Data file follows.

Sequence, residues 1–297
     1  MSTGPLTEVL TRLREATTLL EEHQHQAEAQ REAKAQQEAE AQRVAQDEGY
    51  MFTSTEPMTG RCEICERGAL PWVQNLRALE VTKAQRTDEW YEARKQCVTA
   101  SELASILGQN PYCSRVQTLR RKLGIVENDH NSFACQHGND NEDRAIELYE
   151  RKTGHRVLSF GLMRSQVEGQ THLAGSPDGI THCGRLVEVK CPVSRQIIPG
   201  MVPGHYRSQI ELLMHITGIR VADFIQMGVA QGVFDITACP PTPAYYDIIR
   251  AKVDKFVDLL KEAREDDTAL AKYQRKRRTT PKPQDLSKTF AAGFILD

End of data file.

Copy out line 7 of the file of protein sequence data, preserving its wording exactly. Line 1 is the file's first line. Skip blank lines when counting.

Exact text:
   251  AKVDKFVDLL KEAREDDTAL AKYQRKRRTT PKPQDLSKTF AAGFILD